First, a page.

Table of contents
About this book
By the year 2000, the most critical world problem--as things stand now--will be sustaining the human race. The quality and the availability of food will continue to be central to this issue. However, since the beginning of the final quarter of the twentieth century, few attempts have been made to organize and integrate information applying our knowledge of the regulation of plant growth to the enhancement of the world's yield of food, forage, fiber, and other useful plants. It is appropriate, therefore, to approach a solution to future human needs by combining an area of basic science with a defined and needed application of it. The purpose of this NATO Advanced Study Institute--Plant Regulation and World Agriculture--is reflected in the content of this volume. It covers a wide range of physiological processes including photosynthesis, translocation, seed germination, source sink relationships, water relationships, flowering, fruiting, and adaptations to stress. The identification, chemistry, and bio chemistry of naturally occurring as well as known and new synthetic plant growth regulators are discussed in relation to productivity, growth retardation, and herbicidal activity. Other topics include plant breeding and genetics, tissue culture and its use in the improvement of and the increase in plant varieties, and ecological implications in agriculture. Chapter titles in bold print in the Table of Contents designate keynote presentations for the three major subtopics in Section II.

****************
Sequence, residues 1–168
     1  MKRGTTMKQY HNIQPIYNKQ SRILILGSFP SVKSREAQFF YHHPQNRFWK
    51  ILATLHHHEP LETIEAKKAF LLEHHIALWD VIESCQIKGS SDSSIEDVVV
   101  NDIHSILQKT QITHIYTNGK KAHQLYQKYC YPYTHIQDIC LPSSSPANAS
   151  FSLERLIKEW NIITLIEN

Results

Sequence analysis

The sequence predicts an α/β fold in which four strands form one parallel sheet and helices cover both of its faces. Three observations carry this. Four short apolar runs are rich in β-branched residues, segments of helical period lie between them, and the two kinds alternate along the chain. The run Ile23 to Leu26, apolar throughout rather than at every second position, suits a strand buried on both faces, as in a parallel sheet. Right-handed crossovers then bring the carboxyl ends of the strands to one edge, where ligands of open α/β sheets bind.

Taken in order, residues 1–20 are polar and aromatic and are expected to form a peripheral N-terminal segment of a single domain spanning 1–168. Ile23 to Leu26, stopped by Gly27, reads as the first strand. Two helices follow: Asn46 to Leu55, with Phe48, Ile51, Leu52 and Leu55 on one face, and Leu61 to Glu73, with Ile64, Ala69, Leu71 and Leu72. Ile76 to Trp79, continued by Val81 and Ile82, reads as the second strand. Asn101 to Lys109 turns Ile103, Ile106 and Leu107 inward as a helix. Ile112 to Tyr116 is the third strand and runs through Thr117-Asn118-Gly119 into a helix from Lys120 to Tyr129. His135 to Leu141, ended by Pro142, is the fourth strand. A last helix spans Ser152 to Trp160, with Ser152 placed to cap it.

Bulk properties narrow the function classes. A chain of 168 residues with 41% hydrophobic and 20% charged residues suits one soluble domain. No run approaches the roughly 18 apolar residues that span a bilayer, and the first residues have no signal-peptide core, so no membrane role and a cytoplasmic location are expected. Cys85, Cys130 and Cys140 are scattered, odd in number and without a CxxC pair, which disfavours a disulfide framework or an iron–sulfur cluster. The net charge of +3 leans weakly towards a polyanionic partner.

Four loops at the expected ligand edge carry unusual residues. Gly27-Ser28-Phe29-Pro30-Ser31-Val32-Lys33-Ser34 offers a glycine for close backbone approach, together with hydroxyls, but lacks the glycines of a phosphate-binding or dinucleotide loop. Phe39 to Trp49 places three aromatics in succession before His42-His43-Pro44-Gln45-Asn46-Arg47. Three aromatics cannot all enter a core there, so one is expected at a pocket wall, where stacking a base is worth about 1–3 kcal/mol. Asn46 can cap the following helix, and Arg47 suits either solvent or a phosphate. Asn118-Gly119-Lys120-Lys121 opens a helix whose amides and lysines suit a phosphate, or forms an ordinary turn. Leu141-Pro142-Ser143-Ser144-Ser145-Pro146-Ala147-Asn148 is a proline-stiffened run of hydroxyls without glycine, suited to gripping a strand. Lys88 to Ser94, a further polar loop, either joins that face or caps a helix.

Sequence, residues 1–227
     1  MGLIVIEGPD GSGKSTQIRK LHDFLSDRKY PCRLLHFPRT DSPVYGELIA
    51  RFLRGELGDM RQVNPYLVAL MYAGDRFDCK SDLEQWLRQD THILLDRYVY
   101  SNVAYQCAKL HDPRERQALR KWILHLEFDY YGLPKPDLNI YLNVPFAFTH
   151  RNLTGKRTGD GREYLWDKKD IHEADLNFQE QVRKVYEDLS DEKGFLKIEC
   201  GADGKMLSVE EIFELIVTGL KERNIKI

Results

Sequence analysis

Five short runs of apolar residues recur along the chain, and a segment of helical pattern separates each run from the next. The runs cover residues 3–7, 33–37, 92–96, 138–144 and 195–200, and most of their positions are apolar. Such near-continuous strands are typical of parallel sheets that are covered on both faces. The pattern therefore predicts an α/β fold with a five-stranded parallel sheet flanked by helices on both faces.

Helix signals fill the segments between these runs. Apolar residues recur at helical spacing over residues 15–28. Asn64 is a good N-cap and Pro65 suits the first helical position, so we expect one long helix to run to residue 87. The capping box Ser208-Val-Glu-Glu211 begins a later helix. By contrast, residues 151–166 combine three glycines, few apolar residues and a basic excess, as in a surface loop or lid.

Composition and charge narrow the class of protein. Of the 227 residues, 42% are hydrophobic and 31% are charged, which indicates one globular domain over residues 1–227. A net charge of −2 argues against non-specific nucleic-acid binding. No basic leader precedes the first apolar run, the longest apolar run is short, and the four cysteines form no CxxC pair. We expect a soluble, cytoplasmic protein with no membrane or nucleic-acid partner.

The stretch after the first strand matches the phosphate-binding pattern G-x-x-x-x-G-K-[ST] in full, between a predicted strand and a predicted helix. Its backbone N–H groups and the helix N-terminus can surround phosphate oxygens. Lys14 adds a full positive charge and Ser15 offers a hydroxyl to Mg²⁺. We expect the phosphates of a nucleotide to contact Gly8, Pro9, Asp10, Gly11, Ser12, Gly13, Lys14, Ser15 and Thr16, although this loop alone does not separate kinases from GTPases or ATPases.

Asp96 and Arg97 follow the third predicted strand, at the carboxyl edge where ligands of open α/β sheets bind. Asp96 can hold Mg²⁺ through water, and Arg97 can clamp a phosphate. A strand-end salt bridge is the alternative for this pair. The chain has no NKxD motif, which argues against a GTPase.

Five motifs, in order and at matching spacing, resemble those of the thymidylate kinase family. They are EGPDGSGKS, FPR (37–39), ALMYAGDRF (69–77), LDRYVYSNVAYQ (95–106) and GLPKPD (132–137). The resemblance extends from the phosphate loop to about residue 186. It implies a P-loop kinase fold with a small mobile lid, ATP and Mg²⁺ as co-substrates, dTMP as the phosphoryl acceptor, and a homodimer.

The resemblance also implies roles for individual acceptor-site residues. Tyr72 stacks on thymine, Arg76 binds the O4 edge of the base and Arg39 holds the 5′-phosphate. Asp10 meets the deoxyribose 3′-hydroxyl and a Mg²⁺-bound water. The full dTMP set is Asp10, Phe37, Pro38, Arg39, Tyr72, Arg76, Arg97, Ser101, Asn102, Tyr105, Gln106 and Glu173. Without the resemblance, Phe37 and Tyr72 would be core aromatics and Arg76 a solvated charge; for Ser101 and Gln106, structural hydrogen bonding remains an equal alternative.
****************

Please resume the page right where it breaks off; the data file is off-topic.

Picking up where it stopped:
agriculture genetics growth plant breeding plant growth water